Paper - The beginning and development of function in the suprarenal medulla of pig embryos (1922)
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Weymann MF. The beginning and development of function in the suprarenal medulla of pig embryos. (1922) Anat. Rec. 24(5): -294.
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The beginning and development of function in the suprarenal medulla of pig embryos
Morie F. Weymann
Department of Anatomy, Washington University School of Medicine
Since the beginning of intensive study of the endocrine glands, these organs have held an important place in the interest of students of growth and differentiation. It has been amply demonstrated that among some of the lower vertebrates endocrine function plays a significant role in the regulation of development and metamorphosis, and there are indications that in the mammals it is no less important. In the case of man, it has been suggested that variation in physical type is largely dependent on variation in endocrine activity during growth. WTiat part the glands of internal secretion play in regulating development will probably have to be determined largely by experimentation, but before conclusive experiments can be carried out it will be necessary to have a knowledge of the normal function of the endocrine glands during the embryonic period. A search of the literature shows that a number of attempts have been made to determine whether or not these glands function in the embryo, and that considerable evidence has accumulated on this point. The present work was undertaken with the view of making a study of a single gland in some convenient form in order to determine, if possible, when and how it normally begins to function.
On reviewing what is known of the development of the endocrine glands and considering the feasibility of available tests for function, the suprarenal medulla was selected as best suited for an initial study of this kind. The pig, while not well suited for experimentation, was nevertheless selected because of the abundance of easily available material and the completeness of our knowledge of its development.
Other investigators have commonly rehed on biological and chemical tests of the extract from embrj^onic suprarenals in their attempts to determine the presence or absence of function in these glands. Lewis ('16) states that Moore and Purinton were unable to find evidence of adrenaUn in the foetal suprarenals of man by the FeClg and blood-pressure tests. Svehla ('00) also reported similar results with human material, but he did find adrenalin present in glands from foetal dogs, as did Langlois and Rehns ('99) in those from sheep foetuses. Lewis was unable by chemical and biological tests to demonstrate it in human foetal suprarenals, but by the uterine strip test he got positive indications of its presence in extracts from the suprarenal gland of two full-term stiU-born infants. Lewis also tried out the color test of Folin and Denis, but concluded that it is useless in the study of foetal suprarenals, because foetal tissues in general are rich in mic acid, which gives the same blue color reaction as epinephrin.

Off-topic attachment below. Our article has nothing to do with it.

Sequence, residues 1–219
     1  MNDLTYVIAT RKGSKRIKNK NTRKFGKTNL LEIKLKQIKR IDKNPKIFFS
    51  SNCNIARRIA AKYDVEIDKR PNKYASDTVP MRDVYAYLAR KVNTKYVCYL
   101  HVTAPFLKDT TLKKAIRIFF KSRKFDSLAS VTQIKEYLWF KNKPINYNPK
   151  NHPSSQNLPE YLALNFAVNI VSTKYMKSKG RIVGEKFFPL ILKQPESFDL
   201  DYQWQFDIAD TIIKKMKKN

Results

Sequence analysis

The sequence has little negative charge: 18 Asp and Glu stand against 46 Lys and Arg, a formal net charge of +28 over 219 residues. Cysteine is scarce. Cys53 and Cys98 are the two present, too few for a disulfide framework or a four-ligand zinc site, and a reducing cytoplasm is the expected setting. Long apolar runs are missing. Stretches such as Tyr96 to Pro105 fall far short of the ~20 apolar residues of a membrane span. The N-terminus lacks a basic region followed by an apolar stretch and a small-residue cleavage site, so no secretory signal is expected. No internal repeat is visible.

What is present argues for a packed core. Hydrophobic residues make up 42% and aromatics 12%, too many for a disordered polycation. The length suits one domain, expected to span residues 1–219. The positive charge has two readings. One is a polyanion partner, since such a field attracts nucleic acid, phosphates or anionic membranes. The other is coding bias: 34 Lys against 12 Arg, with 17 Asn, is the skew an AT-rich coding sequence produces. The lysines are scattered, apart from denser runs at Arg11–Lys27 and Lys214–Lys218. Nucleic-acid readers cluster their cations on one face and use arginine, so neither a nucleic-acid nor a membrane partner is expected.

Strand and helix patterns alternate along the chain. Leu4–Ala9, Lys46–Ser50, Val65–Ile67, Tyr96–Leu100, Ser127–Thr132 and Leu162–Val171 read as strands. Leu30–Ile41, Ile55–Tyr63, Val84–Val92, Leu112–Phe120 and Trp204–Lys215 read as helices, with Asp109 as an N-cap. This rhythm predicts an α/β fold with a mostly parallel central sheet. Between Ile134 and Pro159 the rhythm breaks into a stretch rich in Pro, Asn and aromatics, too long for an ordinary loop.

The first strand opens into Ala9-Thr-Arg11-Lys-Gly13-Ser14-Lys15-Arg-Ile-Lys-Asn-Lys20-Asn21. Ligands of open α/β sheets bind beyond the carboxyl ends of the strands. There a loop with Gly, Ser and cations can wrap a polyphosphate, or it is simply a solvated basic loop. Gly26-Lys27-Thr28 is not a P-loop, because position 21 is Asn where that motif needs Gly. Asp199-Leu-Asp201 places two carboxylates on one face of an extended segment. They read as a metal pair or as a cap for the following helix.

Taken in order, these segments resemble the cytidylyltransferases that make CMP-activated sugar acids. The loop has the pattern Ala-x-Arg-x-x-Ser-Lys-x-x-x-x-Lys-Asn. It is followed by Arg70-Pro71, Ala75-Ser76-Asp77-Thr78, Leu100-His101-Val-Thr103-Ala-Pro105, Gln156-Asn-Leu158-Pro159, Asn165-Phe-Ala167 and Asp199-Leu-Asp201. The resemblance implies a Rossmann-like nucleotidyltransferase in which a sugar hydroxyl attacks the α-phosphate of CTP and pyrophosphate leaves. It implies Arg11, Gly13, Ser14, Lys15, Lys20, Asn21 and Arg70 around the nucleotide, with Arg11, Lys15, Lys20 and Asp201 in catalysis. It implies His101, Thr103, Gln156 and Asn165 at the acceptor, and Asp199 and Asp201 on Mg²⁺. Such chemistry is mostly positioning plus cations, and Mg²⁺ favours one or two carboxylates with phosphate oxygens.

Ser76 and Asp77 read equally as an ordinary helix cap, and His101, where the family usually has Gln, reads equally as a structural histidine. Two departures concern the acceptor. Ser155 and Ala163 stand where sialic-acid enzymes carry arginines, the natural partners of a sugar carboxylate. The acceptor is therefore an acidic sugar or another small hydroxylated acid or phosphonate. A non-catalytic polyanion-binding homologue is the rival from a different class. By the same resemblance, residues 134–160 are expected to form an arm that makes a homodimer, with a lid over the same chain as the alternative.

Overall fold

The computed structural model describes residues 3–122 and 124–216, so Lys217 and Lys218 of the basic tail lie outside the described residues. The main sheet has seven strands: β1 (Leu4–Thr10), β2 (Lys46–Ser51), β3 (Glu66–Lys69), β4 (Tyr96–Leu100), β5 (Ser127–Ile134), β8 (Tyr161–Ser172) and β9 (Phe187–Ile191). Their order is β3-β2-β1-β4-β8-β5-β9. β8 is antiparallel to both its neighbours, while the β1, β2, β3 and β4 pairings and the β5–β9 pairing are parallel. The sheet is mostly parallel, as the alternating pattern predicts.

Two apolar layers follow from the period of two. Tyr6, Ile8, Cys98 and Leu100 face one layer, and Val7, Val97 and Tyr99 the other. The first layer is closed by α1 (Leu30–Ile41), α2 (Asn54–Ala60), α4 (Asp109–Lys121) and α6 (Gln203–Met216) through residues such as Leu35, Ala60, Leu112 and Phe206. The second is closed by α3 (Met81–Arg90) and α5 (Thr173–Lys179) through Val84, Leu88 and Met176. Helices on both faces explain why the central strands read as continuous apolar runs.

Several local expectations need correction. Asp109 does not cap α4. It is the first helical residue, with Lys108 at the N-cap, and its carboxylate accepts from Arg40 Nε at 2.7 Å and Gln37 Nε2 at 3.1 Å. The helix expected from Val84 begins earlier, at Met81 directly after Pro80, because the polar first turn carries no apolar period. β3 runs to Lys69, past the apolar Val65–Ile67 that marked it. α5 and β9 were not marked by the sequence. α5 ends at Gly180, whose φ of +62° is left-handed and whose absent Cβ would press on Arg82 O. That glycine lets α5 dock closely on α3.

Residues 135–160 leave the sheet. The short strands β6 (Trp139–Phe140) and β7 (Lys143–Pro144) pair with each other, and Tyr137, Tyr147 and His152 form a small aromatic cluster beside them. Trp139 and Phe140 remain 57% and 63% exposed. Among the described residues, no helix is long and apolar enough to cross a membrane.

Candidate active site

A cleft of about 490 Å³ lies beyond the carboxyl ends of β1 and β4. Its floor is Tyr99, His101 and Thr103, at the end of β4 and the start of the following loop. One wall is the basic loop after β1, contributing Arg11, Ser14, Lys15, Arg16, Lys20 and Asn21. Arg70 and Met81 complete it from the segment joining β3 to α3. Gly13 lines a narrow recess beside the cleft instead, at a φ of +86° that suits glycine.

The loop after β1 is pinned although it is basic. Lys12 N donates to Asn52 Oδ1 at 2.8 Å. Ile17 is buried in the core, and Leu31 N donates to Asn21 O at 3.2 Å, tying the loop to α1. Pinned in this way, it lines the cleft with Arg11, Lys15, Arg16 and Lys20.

Fenger ('12) found epinephrin by the iodic-acid method in the extract of suprarenals from pig embryos of seventy days; also in that from beef embryos of three months, and sheep embryos of three to four months. McCord ('15) showed, by the uterinestrip method, evidence of epinephrin in the suprarenals of beef embryos as early as the 113-mm. stage. Biological tests could not be carried out on younger embryos because the suprarenals were not large enough to furnish suflSicient extract, even when many were used. Langlois and Rehns believed they were able to demonstrate an effect of the suprarenal extract from sixtyday sheep embryos upon the blood pressure of a dog.
Thus it may be seen that there is considerable evidence in the literatm-e that the foetal suprarenals do function, and that they begin to function at an early period. But since there are some possible uncertainties with the biological tests, it seems desirable that the results obtained by them should be checked and supplemented b}^ a thoroughly reliable microchemical test. In the chrome reaction of the medullary cells, discovered by Henle ('65) and interpreted chemically by Ogata and Ogata ('17), we seem to have at our disposal just such a test. Since the time of Henle it has been known that suprarenals fixed in dichromate solution show a yellow-brown color in the cytoplasm of the medullary cells. This was for a time thought to be a complex adrenalin clu-omate compound. But the recent work of Ogata and Ogata has fxirnished convincing evidence that it is a simple inorganic salt, chromium dioxide. It is formed by the reducing action of adrenaUn on the dichromate. Kingsbury ('11) has presented e\-idence pointing in the same direction. He finds that the precipitates formed by various fixing fluids acting on the fresh suprarenal medulla are identical with those produced by the same fluids acting in v-itro on adrenalin.